“It can’t possibly pass, and no president would ever sign it — whether they’re Democrat or Republican — because it puts the U.S. out of step and at a competitive disadvantage with the rest of the world,” Leichtman affirmed, adding it would have “really horrible impacts on actual real artists and smaller companies” moving forward.
Furthermore, Hawley’s retroactive clause, which targets firms with a market capitalization above $150 billion, is considered unconstitutional in that it violates a bill of attainder — legislation that makes it unlawful to directly target and punish a small group of people or companies.
“He’s just doing it for publicity,” the attorney continued.
Laurence Tribe, a constitutional law professor at Harvard University, agreed, saying, “This requires no implication. It’s open and shut. The U.S. Supreme Court would vote nine to nothing that this an unconstitutional taking.”
He added that the bill, in addition to violating the bill of attainder, would also be in “violation of the basic principles of free speech and of the First Amendment,” citing the politically-motivated nature of its inception.
The professor went on to explain that it would also violate the Fifth Amendment, which says that no private property should be taken for public use without just compensation.
Tribe told Yahoo Finance that, since the copyright has not yet expired under existing law, “it’s a form of property.”
“Intellectual property is every bit as much property as brick and mortar and land, and it can’t be taken for any public benefit or public justification without just compensation,” he continued.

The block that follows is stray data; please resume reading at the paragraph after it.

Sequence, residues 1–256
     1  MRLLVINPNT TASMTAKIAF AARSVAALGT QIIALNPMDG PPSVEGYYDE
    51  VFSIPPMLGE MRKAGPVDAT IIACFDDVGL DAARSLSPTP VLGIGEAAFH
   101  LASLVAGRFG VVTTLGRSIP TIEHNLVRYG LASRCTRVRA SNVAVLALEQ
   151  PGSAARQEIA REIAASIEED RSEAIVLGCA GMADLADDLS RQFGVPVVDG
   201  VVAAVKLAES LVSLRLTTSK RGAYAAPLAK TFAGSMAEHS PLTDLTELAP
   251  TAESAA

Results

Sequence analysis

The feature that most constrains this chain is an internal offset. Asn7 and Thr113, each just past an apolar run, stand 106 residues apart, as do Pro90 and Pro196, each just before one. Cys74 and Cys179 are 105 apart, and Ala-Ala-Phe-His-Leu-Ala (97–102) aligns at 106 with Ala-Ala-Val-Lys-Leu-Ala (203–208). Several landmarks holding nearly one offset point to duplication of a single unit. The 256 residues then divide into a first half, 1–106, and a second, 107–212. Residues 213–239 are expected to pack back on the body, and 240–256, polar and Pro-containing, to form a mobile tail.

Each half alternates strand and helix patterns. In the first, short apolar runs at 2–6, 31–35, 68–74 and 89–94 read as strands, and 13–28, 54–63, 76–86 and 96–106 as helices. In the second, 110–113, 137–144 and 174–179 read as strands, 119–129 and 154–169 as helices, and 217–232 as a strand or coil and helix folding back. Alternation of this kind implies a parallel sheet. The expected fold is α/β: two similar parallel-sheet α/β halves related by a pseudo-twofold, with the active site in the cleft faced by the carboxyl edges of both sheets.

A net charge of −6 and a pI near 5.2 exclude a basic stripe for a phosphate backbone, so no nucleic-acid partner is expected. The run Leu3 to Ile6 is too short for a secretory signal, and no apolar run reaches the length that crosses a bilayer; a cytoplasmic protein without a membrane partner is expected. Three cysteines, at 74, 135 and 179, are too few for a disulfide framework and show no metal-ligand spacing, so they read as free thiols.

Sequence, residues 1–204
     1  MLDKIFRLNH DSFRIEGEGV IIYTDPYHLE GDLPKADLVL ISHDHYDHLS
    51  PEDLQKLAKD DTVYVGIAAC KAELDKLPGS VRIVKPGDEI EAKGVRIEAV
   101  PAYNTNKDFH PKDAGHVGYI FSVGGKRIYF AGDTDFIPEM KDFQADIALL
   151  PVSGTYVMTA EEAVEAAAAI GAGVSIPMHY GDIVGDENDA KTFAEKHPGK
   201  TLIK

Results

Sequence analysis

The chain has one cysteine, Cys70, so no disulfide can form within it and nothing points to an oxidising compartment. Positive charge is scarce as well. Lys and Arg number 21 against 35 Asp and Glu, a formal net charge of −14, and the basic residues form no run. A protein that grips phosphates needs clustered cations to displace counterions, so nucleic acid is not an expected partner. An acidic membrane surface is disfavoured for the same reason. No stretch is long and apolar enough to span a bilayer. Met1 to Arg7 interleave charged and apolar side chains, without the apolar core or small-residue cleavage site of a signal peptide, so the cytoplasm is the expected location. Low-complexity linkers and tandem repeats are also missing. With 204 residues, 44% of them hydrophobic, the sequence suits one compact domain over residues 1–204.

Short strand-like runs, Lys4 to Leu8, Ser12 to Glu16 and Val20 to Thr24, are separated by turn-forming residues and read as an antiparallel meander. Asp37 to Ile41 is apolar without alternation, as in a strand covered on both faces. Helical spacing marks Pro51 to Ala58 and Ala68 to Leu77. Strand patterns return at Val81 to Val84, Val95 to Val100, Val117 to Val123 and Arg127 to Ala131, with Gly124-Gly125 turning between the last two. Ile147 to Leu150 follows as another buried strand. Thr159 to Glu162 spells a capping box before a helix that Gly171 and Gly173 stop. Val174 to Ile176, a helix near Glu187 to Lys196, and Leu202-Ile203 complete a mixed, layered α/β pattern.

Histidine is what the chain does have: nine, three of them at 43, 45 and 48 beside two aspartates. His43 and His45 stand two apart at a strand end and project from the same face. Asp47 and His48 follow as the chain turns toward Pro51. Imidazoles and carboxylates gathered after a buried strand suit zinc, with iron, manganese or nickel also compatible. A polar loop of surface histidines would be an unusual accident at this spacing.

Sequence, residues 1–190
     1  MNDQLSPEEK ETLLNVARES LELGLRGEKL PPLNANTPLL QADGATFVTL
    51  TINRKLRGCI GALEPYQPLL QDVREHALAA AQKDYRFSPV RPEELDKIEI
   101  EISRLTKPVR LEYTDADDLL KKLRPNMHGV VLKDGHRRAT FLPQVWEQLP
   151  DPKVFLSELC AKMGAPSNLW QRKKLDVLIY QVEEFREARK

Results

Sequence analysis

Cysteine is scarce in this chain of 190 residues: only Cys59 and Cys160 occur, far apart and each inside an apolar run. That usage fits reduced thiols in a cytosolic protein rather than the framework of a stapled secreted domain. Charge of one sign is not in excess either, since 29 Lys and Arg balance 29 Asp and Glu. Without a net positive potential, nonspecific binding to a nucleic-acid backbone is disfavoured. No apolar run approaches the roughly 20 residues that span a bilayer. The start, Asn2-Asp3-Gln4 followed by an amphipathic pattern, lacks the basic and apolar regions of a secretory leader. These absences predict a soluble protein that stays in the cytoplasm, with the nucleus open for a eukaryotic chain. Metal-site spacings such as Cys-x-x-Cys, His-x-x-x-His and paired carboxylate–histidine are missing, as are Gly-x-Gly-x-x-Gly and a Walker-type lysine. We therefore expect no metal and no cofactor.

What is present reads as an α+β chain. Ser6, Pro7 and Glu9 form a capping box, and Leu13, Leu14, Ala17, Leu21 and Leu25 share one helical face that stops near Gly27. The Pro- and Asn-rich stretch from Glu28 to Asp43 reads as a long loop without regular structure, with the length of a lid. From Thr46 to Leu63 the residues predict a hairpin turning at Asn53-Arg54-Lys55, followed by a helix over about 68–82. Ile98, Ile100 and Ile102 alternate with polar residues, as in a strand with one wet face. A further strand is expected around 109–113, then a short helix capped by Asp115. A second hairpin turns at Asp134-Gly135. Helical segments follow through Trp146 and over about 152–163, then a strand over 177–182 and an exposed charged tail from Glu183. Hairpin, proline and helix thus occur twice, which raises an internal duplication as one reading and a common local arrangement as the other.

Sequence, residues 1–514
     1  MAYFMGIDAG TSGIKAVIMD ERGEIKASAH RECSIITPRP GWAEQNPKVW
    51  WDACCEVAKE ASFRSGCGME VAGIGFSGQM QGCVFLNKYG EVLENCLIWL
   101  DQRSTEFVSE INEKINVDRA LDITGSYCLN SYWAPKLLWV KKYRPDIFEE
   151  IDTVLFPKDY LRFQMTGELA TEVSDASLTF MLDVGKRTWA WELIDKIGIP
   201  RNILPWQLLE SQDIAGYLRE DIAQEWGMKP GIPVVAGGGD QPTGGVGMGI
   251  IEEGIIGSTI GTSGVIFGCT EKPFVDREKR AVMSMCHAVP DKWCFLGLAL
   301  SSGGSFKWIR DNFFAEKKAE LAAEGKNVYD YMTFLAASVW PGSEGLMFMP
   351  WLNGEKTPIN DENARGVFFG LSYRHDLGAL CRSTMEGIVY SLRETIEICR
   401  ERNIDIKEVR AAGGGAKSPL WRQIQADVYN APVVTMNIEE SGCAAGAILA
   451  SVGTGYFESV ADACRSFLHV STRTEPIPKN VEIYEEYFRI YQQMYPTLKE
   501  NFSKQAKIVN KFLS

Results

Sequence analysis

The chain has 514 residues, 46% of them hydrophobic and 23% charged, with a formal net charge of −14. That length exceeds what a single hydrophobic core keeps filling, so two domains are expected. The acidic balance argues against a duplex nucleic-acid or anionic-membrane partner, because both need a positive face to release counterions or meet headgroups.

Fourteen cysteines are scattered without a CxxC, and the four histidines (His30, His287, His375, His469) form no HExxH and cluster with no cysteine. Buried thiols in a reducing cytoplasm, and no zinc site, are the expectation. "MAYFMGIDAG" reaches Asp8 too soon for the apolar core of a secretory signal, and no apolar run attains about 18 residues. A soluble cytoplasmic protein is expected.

Yahoo Finance reached out to the office of Sen. Hawley for comment but has yet to hear back.
Even if the bill hypothetically were to pass (and not be overturned), it wouldn’t have any real, tangible impact on the company, Leichtman said.
“The copyright that will enter the public domain in 2024 is just the 1928 ‘Steamboat Mickey,’ which is rarely used at this point by Disney,” Leichtman noted, adding that the company will still have copyright protections on its most recent iterations of Mickey, which are more valuable.
Secondly, “Disney has very strong trademark rights on Mickey Mouse. Trademark rights live forever, as long as you continue to use the mark in commerce,” the attorney said.
Consequently, as long as Disney sells branded-products that feature ‘Steamboat Mickey,’ the public cannot sell that image in the same way since it would be in violation of those rights.
Ultimately, Hawley’s bill “is going nowhere,” Leichtman reiterated, although it does represent yet another moment of Disney getting caught in the crossfires of politicians — all due to its response to Florida’s Parental Rights in Education Act.
The controversial bill, which will go into effect on July 1, states, “Classroom instruction by school personnel or third parties on sexual orientation or gender identity may not occur in kindergarten through grade 3 or in a manner that is not age appropriate or developmentally appropriate for students in accordance with state standards.” Parents will be able to sue districts over violations.
Disney CEO Bob Chapek initially decided not to speak publicly on the matter, opting instead to work behind the scenes in an attempt to soften the legislation. It didn’t work.
The executive eventually reversed course following intense backlash over his belated response to the bill. He publicly denounced the act during the company’s annual shareholder meeting on March 9, in addition to directly apologizing to employees in a company memo.
Chapek, whose contract expires on February 28, 2023, has dealt with a fair amount of controversy during his tenure. In addition to the DeSantis drama and “Don’t Say Gay” fallout, the executive came under further scrutiny following a now-settled breach-of-contract lawsuit with “Black Widow” actress Scarlett Johansson last summer.
Disney, which reported second quarter financial results on Wednesday that missed on both the top and bottom lines, has seen shares fall more than 30% year-to-date.
Alexandra is a Senior Entertainment and Food Reporter at Yahoo Finance. Follow her on Twitter @alliecanal8193 or email her at firstname.lastname@example.org